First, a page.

In Jan De Vliegher’s work, all genres and themes – portrait, landscape, marine art, townscape, architecture, interior and still life – are successively considered in the form of series. Yet you soon realize it is not about the subjects, but rather a pretext for painting.
Jan De Vliegher demonstrates the pleasure of viewing and shows us how he brings matter to life. As a viewer, you participate in the painter’s passion. You pay so much attention to the sensual materiality and the mastery of colour that the theme virtually disappears.
In the case of the series of still lives for Davos, Jan De Vliegher used six different themes on ceramic plates from different cultures as his starting point: Imari porcelain from Japan, Ming porcelain from China, Iznik ceramics from Turkey, Sèvres ceramics from France, Imperial court ceramics from Austria and maiolica from Italy.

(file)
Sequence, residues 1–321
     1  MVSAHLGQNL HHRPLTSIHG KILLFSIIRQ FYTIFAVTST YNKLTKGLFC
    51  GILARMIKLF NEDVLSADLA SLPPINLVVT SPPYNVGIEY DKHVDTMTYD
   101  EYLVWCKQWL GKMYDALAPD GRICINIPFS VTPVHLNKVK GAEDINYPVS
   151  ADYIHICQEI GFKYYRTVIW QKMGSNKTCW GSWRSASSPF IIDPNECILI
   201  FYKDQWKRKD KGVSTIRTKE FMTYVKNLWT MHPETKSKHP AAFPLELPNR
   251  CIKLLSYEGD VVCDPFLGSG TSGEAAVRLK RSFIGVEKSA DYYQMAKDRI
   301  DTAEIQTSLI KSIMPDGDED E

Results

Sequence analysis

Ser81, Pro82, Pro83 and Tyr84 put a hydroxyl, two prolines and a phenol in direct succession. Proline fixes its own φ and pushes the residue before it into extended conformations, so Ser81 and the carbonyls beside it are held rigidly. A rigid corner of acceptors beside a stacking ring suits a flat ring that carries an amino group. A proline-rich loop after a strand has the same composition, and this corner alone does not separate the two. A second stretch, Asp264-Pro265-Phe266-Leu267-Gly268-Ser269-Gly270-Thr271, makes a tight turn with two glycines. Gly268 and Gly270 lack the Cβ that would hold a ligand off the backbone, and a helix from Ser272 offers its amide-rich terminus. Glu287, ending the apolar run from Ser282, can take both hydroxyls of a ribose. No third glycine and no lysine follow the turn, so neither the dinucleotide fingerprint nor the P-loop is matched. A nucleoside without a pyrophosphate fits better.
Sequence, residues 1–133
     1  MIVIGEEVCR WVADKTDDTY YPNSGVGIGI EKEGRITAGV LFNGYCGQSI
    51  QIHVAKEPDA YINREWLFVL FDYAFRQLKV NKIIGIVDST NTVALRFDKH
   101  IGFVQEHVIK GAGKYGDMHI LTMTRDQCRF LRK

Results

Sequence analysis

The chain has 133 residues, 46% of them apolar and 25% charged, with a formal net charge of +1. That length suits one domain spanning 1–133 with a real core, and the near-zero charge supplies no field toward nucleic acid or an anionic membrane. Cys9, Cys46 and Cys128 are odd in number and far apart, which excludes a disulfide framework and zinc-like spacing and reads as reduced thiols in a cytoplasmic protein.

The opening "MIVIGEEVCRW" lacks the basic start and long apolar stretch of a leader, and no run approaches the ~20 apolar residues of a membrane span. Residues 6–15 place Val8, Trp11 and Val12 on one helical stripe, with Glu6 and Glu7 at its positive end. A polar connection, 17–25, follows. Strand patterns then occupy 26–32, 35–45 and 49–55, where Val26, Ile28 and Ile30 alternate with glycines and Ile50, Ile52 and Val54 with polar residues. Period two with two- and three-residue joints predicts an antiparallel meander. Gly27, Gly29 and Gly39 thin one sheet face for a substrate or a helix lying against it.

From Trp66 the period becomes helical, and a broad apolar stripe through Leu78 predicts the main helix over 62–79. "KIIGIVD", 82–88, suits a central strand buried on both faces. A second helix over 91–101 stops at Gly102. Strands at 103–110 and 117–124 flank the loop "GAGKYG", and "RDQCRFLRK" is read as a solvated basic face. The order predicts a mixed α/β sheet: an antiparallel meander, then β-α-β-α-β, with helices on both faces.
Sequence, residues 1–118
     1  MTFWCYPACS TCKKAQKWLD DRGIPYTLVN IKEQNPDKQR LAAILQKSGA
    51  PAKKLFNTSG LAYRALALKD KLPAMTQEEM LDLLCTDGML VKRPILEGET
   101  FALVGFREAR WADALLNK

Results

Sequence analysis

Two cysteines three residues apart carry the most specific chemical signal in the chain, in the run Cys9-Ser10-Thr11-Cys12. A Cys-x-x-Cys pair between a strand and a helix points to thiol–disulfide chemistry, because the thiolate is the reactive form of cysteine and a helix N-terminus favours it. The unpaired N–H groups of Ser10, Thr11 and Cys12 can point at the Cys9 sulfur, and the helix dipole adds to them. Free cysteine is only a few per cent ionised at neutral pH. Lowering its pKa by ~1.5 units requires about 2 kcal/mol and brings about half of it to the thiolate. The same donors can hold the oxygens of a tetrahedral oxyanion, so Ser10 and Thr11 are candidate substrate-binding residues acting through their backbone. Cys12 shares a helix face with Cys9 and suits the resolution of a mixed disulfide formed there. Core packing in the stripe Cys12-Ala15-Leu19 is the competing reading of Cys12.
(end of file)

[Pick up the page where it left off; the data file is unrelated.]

The idea of this series is about communication between different cultures through a universal artistic language and similar artistic content (composition, beauty and abstraction) rather than subject matter.
Jan De Vliegher is a painter. Holding his brush in what seems a distinctly light and loose manner, he applies the paint with skilful accuracy, bending every stroke to match his intentions. De Vliegher uses photographic imagery as a starting point in his work. However, the paintings are never the result of a wish to imitate or mimic reality. In De Vliegher’s work, reality seems as important as unavoidable, and an obvious source of inspiration.